Hello everyone, I was curious as to what drawing exercises people do and how often you do them. Do you pick a few exercises and do them for a set amount of time (one week, two weeks, one month, etc.) or do you have a set of exercises that you work on continuously and just do different ones in a rotating schedule? Are there any exercises you’ve found so useful that you do it every day and intend to as long as you’re still drawing/painting? For any experienced artists here, are there any exercises you’d recommend that helped you when beginning but tapered off as you increased your skills?
Hey, @Malt Hitman, these are great questions and a very pertinent concern! Setting a defined group of exercises to work on continuously or on a schedule never worked well for me. What I used to do when I was starting out and fully dedicated to study was simply to follow along the assignments of whatever course I was taking at the time. And in free practices such as in my sketchbook or when I participated in live model sessions, I tried to approach all I had learned up to then in a global, applied and more intuitive way, not necessarily establishing specific tasks for each session, but just drawing based on what I knew while also allowing space to experiment with materials, methods and styles. In my personal experience, what I’ve observed is that, over time along my journey, my goals refined and became clearer - and, with that, my practice routines changed many times to adapt. Nowadays, I’m more dedicated to creating artwork of my own, so course assignments and “pure exercise” sessions like those from before became a bit more rare, and the process I follow to make my stuff is what has pretty much become my regular practice lately. So I guess this comes together with what @Christopher Beaven and @Kristian Nee pointed out! For me, personally, as a cartoonist, not committing to specific exercises and allowing the very process of art-making to be my regular practice means I’m often in touch with things like gesture, design, linework and creative ideation; on the other hand, things such as painting, light, rendering and even anatomy don’t come to me as frequently. I’m fine with this because it matches what I’m currently looking for with my work and style, but, luckily, since I’m also teaching, I get the opportunity to pick up on some of these “lost” topics occasionally (so I guess teaching is a way of keeping me in touch with the fundamentals on a roughly regular basis). To sum up and attempting to answer your last question based off my own limited point of view, I think what I’d recommend in the beginning is to broaden up, take courses, read books and learn all you can from multiple sources in an open and experimental way; then, keep observing yourself, notice what topics and exercises you enjoy more and very gradually consider where you might like your art to go - based on that, you will be able to use your own criteria and experience to define which kinds of practices work best for your goals and are worth maintaining in the long run. And it’s totally fine if things change several times, this is a long process of discovery and maturity. Hope this helps! Feel free to pop questions if you might have any. Best of luck!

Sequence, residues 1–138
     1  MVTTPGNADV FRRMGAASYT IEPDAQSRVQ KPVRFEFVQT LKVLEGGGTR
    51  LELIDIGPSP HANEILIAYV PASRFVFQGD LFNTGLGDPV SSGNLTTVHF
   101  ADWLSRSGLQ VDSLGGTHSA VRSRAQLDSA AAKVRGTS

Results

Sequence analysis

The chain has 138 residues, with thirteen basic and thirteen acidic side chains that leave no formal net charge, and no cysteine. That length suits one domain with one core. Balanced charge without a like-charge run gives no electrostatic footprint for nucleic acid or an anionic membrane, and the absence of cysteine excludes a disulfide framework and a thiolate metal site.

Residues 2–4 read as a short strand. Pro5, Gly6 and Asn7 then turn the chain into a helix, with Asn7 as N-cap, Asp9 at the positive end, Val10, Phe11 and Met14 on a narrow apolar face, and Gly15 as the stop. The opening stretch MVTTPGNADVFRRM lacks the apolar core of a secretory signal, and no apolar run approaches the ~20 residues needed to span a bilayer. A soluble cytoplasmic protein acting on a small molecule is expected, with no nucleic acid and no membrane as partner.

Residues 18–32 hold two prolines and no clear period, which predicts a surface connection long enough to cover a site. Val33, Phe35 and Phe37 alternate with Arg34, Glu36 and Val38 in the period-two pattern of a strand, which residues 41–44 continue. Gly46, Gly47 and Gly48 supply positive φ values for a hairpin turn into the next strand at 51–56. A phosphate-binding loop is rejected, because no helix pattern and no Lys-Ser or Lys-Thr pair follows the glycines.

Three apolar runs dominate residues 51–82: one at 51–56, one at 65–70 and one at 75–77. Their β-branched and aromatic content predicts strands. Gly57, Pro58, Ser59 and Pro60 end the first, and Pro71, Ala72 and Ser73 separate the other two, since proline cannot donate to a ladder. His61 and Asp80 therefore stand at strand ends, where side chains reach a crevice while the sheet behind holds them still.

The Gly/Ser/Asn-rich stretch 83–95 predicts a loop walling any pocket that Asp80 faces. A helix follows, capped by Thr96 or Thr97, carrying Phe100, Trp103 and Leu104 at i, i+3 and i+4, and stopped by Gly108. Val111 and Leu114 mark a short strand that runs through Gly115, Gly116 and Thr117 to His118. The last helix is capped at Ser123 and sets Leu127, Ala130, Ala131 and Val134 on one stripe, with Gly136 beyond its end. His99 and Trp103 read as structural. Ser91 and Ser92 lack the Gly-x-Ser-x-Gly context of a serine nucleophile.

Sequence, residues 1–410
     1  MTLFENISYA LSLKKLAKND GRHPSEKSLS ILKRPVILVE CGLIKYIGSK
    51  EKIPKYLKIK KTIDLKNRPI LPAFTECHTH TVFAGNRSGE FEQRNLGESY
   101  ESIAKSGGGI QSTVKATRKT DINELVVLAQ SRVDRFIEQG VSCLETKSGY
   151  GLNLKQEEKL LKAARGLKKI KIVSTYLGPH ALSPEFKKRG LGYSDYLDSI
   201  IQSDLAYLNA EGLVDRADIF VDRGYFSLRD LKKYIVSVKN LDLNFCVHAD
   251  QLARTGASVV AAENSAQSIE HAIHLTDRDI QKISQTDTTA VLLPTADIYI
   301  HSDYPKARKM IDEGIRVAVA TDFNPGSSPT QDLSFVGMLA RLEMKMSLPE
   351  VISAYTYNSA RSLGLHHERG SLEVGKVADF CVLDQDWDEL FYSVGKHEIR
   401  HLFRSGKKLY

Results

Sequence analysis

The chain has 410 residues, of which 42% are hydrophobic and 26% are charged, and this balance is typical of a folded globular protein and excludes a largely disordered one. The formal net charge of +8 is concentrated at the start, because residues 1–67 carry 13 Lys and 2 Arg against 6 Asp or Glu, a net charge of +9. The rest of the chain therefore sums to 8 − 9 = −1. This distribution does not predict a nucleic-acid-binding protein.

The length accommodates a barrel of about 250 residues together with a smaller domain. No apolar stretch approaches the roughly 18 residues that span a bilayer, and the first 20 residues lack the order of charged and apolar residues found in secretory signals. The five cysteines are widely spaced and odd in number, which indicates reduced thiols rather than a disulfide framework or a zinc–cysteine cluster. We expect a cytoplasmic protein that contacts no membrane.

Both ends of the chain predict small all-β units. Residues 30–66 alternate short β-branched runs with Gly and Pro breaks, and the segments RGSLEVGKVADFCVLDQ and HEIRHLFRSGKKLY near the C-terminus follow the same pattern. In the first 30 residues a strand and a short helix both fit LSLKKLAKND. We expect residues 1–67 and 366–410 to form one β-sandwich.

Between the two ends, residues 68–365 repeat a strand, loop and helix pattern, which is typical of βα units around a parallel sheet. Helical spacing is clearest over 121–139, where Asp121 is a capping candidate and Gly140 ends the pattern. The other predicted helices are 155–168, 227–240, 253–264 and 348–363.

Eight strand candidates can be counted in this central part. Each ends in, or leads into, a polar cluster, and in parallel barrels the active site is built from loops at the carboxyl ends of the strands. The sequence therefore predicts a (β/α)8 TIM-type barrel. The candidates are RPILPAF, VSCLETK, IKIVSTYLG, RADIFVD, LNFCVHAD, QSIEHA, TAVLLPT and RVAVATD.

Hello sir. I am a complete beginner on the journey to mastering my creative abilities in drawing the figure. I too am in search of exercises and process. If pencil control is your game check out 'Draw a box' website or Peter Han masterclass 1 on youtube.
I used to do a whole page of circles, lines and ellipses before every session, which is every day. Here is an example on this post. https://chrisbeaven.com/sleep-your-creative-power-plant/ Drawabox influenced my warm-up tremendously when I was doing them. I've never really found any exercises useful enough to do daily. I paint or draw every single day so this lessens the need for daily exercises. Also, after 9+ years of doing art every day I've gotten to a point where I know exactly where I want my art to go so the need to keep multiple aspects of art trained up is no longer necessary. The MOST important exercise I would recommend for every artist starting out is to draw every single day. Draw from photos, draw from life, draw what you like or what you love, just keep drawing every single day. That one single piece of advice has allowed me to develop my skills fast. Hope that helps!
Hey! Something that a lot of people do is draw circles, or straight lines. Scott Robertson has a chapter in his books about drawing exercises to get your hand warmed up. I know that @Sinix does spirals of different sizes as well. When it comes to setting aside time for that, I really don't know any pros who do dedicated drawing exercises. I know that they'll spend time occasionally just doodling circles to get warmed up, but when they're dedicating time to art they're generally just doing the art. I asked @Rembert Montald about what he does to practice his drawings, and he'll generally just invent figures from memory. In terms of actual studies to be done as exercises, figure drawing workshops are always great to be doing.